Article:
As federal judges across the land — most recently in Texas last week — make clear that state bans on same-sex marriage violate the U.S. Constitution, Kentuckians should not have to wait for their rights.
Nor should their tax dollars be wasted on a futile appeal of U.S. District Judge John Heyburn's Feb. 12 ruling ordering Kentucky to honor same-sex marriages from other states. (Heyburn is now considering whether Kentucky must begin issuing marriage licenses to same-sex couples.)
Whether to appeal rests with Gov. Steve Beshear and Attorney General Jack Conway. Heyburn has given them until March 20 to decide.
The best argument for appealing would be to uphold the will of Kentucky's voters, who in 2004 overwhelmingly approved a state constitutional amendment outlawing same-sex marriage.
Though that might be the best argument, it's still a weak one because the U.S. Constitution protects the rights of minorities, even when those rights are counter to the majority's will. That's the same Constitution that Beshear, Conway and all the state's elected officials have sworn to uphold.
For some Kentuckians, acceptance of same-sex marriage — and of lesbian, gay, bisexual and transgender people in general — is moving too fast. Of course, the same could have been said for giving women the right to own property or ending racial segregation.
While the legal principles are compelling, this is also a practical and personal matter for many families.
Case in point: The Lexington family of 25 years, headed by two women, who became the first to benefit directly from Heyburn's order. Retired University of Kentucky professor Joan Callahan adopted her stepson, David Crossen, whom she had parented alongside his mother Jennifer Leigh Crossen, a horseback riding instructor. The two women were married last fall in Massachusetts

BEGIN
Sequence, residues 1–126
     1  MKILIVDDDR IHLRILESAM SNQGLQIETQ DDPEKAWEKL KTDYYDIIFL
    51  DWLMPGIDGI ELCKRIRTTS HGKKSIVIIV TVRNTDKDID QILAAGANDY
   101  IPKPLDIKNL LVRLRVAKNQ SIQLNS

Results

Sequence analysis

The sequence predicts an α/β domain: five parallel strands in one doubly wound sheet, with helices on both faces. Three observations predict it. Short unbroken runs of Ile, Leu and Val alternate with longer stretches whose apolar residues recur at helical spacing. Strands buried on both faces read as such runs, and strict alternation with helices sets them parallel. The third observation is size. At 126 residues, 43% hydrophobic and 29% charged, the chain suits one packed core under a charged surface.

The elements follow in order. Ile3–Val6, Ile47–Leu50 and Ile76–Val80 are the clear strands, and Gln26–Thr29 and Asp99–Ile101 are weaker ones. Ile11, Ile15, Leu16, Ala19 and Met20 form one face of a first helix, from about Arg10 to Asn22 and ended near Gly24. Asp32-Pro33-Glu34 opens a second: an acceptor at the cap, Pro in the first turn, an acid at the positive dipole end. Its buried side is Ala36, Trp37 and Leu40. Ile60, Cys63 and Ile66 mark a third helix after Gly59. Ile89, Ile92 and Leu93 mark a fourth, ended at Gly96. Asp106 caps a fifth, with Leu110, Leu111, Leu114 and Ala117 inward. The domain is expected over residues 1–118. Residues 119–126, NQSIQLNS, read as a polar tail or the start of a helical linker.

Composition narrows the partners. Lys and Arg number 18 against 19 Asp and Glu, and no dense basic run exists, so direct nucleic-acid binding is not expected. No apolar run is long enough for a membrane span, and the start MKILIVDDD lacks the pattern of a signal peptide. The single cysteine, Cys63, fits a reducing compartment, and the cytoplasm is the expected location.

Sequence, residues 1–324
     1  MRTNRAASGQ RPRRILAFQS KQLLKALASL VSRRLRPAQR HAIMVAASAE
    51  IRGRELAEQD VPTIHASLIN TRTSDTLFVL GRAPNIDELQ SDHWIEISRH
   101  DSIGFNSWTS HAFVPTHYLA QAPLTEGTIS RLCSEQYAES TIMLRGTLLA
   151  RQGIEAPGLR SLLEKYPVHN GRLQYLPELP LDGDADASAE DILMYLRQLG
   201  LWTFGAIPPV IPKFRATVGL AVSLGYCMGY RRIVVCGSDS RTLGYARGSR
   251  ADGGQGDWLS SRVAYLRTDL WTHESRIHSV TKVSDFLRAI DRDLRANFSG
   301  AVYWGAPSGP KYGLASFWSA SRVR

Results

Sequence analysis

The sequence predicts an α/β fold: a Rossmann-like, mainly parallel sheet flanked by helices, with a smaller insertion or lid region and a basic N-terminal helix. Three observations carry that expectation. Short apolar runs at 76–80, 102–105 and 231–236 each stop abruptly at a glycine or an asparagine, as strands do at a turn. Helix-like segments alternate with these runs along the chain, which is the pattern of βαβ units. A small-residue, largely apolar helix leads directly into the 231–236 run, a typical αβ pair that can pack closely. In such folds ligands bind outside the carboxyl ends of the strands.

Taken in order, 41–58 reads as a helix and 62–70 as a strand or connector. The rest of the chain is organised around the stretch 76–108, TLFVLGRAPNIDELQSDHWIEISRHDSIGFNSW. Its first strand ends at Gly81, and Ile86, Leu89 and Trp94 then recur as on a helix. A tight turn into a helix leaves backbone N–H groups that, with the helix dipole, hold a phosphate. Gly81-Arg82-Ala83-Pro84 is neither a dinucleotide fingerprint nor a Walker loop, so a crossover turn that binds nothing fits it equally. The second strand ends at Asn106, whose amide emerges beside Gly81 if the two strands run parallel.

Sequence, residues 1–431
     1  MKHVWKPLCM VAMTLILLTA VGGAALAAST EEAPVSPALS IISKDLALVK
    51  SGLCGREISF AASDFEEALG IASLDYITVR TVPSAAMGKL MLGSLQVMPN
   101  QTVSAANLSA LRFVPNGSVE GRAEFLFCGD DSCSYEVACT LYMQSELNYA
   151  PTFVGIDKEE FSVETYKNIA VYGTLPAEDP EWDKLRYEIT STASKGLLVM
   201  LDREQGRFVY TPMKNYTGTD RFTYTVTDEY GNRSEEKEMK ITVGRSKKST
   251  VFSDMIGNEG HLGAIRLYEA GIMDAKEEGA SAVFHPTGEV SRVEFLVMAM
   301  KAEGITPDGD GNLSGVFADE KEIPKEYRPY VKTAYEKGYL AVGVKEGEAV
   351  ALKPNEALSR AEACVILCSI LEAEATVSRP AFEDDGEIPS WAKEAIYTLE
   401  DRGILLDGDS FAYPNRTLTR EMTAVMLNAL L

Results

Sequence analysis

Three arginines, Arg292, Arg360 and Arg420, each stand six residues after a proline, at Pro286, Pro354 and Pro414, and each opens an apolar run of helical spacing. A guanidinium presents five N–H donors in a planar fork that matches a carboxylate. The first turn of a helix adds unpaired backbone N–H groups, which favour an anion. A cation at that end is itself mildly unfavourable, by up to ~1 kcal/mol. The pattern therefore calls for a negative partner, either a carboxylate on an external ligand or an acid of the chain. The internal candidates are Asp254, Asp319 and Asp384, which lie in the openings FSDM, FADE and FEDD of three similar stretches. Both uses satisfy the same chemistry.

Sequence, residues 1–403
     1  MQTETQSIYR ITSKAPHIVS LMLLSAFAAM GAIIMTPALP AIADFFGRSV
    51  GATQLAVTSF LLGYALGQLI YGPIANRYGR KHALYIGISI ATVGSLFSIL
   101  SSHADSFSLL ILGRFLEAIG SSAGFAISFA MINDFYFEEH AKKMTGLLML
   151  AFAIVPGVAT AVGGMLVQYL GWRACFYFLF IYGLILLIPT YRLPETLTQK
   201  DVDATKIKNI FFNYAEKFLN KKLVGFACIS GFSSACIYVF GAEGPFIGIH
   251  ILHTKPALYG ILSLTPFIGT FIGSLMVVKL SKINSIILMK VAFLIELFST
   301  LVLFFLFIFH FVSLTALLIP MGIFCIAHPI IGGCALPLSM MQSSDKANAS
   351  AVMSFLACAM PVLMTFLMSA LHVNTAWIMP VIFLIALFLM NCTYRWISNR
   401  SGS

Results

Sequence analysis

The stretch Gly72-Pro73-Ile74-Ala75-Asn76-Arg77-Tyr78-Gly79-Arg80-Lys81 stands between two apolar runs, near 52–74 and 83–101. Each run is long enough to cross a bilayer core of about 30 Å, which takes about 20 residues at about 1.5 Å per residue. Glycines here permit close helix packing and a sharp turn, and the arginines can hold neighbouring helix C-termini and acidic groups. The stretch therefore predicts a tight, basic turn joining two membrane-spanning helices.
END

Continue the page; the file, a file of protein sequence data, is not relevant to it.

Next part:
Citing Heyburn's ruling, Fayette Circuit Judge Kathy Stein finalized the adoption last week. As a result, if David Crossen inherits Callahan's estate, he'll be eligible for the same tax benefits as any other child inheriting from a parent or stepparent.
In years past, the couple spent thousands of dollars on documents to show that Callahan could make legal decisions for the child and travel with him across state lines.
One of the reasons not to delay marriage equality in Kentucky is that the deadline for filing income taxes is April 15; all married couples should be able to file as married couples.
The decision is complicated for Conway, a Democrat, because he is eyeing a race for governor next year.
Democratic attorneys general in Virginia, Pennsylvania, California, Illinois and Nevada have declined to defend same-sex marriage bans.
In other states marriage bans are being defended, which means the appeals will be litigated with or without Kentucky's involvement. The chances of successful appeals seem slight, since last year's U.S. Supreme Court ruling has been a basis for striking down state bans.
Probably the most universally attractive reason not to appeal was voiced by Auditor Adam Edelen, also a likely Democratic candidate for governor, who has been on record supporting marriage equality: "I really don't like the idea of spending money on lawyers when we're laying off school teachers."